Thursday November 18, 2010

[Time] NameMessage
[09:10] vegaicm Question: is it possible for an application to have multiple I/O threads (and therefore multiple zmq sockets) binding on the same TCP port? What I want to achieve is something similar to the classic spawning a limited number of threads for each new accepted connection. Considering the architecture of zeromq this seems not possible, but having this option may increase throughput.
[09:13] guido_g first, io-threads are ømq internal things and it is unlikely that you'll ever need more than one
[09:13] guido_g second, some worker pool examples are shown in the guide
[09:15] guido_g you can create forwarder reading incomming messages and distributing them to the workers with a few lines of code, again see the guide for examples
[09:16] vegaicm guido_g: I tried the simple hello work multithread , but I am not really impressed by its performance. Because all the messages pass though one devices I see it as a bottleneck. I was thinking to create more devices on different ports, but this not really what I was looking for: all the devices on the same port
[09:17] guido_g you're going through this port anyway on os level, so i can't see any problem
[09:18] Guthur vegaicm: If you look at the device code there is actually not much there
[09:18] Guthur it just receives a message and passes it on
[09:19] Guthur If that becomes a bottleneck I'd hazard that things have become too granular and you are not doing enough in your worker threads
[09:21] guido_g w/o a more or less detailed description of the work to do and the message frequency all one can do is to guess
[09:22] vegaicm guido_g, Guthur : what I meant is that with a zmq device I have 1 thread processing all the communication though a TCP socket. While if I can have more then 1 threads managing tcp/ip communication I can hare more throughput. Give me a minute and I will try to describe what I am comparing, but Guthur you are right: the worker threads aren't doing much ... details coming now
[09:23] guido_g vegaicm: read the guide, it explains what you can do in various simple examples, really
[09:25] vegaicm I created a simple application using standard socket programming. This application spawn 1 thread for each incoming connection and process client requests. What the application does is to get a key=>value from the client and write a it in a hash table with the proper mutex handling. I can reach 360k SET/sec . With zmq using 1 device and 10 workers that do absolutely nothing I can't go beyond the 45k messages/sec
[09:26] vegaicm guido_g: I will check the guide again, maybe I missed something in there. Thanks.
[09:26] guido_g
[09:27] vegaicm guido_g: I read it, and tried that code. It doesn't meet my expectation :-/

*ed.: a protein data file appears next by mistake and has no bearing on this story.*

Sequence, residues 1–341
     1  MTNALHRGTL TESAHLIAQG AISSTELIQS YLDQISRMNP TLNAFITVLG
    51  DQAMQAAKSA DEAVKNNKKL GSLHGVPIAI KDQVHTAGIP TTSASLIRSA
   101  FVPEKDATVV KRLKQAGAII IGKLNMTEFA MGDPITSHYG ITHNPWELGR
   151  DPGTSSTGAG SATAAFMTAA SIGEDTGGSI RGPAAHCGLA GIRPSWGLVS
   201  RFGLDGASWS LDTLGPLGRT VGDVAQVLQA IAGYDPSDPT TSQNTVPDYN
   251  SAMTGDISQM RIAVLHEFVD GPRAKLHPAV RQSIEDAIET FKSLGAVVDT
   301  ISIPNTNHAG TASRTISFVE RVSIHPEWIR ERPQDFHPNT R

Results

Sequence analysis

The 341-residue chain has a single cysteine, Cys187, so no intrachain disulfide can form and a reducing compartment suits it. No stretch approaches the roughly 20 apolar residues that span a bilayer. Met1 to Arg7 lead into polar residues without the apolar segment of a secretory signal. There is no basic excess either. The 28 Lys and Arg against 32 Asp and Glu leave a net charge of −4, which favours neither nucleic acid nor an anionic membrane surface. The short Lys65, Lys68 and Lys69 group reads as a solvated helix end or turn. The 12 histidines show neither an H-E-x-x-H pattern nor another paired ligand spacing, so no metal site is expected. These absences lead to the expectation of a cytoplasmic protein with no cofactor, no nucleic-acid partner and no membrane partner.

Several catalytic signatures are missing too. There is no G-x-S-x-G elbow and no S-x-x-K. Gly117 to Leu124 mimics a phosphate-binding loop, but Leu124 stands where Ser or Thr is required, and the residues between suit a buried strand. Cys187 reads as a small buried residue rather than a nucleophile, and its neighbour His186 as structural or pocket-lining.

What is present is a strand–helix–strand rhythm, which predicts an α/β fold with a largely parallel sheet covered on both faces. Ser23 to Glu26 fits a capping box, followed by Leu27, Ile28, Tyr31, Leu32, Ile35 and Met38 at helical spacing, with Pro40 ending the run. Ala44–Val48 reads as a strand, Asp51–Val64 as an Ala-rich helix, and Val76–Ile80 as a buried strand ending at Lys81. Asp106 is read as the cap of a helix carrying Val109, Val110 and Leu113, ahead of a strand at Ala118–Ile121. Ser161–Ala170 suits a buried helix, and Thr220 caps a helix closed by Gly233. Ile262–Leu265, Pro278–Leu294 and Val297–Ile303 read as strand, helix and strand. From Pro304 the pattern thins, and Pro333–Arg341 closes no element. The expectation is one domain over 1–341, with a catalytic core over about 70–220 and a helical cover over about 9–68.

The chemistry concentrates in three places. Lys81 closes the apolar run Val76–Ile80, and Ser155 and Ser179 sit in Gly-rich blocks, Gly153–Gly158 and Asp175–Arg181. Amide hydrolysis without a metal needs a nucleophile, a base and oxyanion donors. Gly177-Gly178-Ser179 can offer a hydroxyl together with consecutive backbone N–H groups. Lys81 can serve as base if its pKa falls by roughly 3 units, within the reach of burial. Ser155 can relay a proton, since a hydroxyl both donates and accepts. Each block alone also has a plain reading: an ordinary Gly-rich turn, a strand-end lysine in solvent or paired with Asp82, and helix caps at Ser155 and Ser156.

[09:27] vegaicm "You cannot use sockets except in the thread that created them."
[09:27] guido_g so?
[09:28] vegaicm it is a bottleneck for me
[09:28] guido_g sure
[09:30] vegaicm I can create multiple ZMQ_REQ sockets and multiple workers pool, but this would mean I have to bind on multiple TCP ports
[09:31] guido_g sounds fishy, but hey...
[09:31] Guthur vegaicm: are you using inproc connections at the worker end of the device?
[09:32] vegaicm correct, is fishy , especially for the client . Unless the client itself is a multithread application that connects to multiple socket.
[09:33] vegaicm Guthur: yes, inproc between workers. tcp only for client-server comunication
[09:43] Guthur guido_g: Does that performance hit sound right? I'd imagine that there would be some overhead but that seems like quite a bit.
[09:45] guido_g depends on the implementation i'd say
[09:46] guido_g but ømq is not a "one size fits all" thing
[09:56] vegaicm Guthur, guido_g : this is a *vague* idea of what I mean: . On and with TCP, 1 client - 1 server I have 100k/4.485 = 22.3k messages processed per second. If I have 10 clients and 10 servers, the messages processed are 100k x 10 / 6.379 (the slower client) = 156.8k messages per second. If I increase the number of clients/servers the figures go even better.
[10:03] guido_g and what you're showing?
[10:08] vegaicm guido_g: look this: . I start 10 clients that connect to a multithread server that has 10 workers . 10 clients -> 1 MT server = 41.8k msg/sec . 10 clients -> 10 server = 156.8k msg/sec . Where is the bottleneck? I doubt it is in inproc, but in the tcp socket
[10:10] guido_g again, what do you want to show?
[10:10] vegaicm I want to show that there is a bottleneck in having just 1 threads processing messages from a tcp port
[10:11] guido_g this is something widely known, but ok
[10:13] vegaicm guido_g: ok :) Then , what I am adding too is that having multiple threads on the same tcp port can increase performance a lot.
[10:14] guido_g threads on a port?
[10:15] vegaicm yep . With standard socket programming this is possible and quite easy. For example you can have the main process binded on the socket and waiting for connection. For each connection spawns a threads.
[10:15] vegaicm but by design I think this is impossible in zeromq
[10:16] guido_g it's outright stupid
[10:16] guido_g given the fact that a single server can process thousands of ongoing connections
[10:17] guido_g this is why queueing and a worker pool is used
[10:21] vegaicm what if I am ok to have hundreds/thousands of threads. As I was saying, I have a prototype of an application that spawn 1000 threads and processes requests from 1000 clients at a very good speed, 360k requests/sec . And it isn't just a "hello world" where the workers do nothing, but it actually process some few GB of data
[10:22] vegaicm and I would love to reach the same performance using zeromq , if possible
[10:22] vegaicm thanks :D
[10:42] pieterh hi vegaicm
[10:42] pieterh would you like to discuss high performance server architectures?
[10:43] vegaicm hi pieterh . Sure
[10:43] pieterh first of all, what is the work your threads are doing?
[10:45] vegaicm right now the worker threads in zeromq they just send the "world" string back to the client, nothing more. But my future idea is to use the workers to process data in a key=>value storage
[10:46] pieterh your basic architecture depends on the kinds of work you are doing
[10:46] pieterh i will explain
[10:46] pieterh some tasks are totally independent, e.g. "here is a data set, compute me some stuff on it"
[10:46] pieterh some tasks are highly interdependent, e.g. "get me something from a database"
[10:47] pieterh in the first case, you can create a highly concurrent (parallel) architecture
[10:47] pieterh in the second case that is fairly pointless and you can use a more serial architecture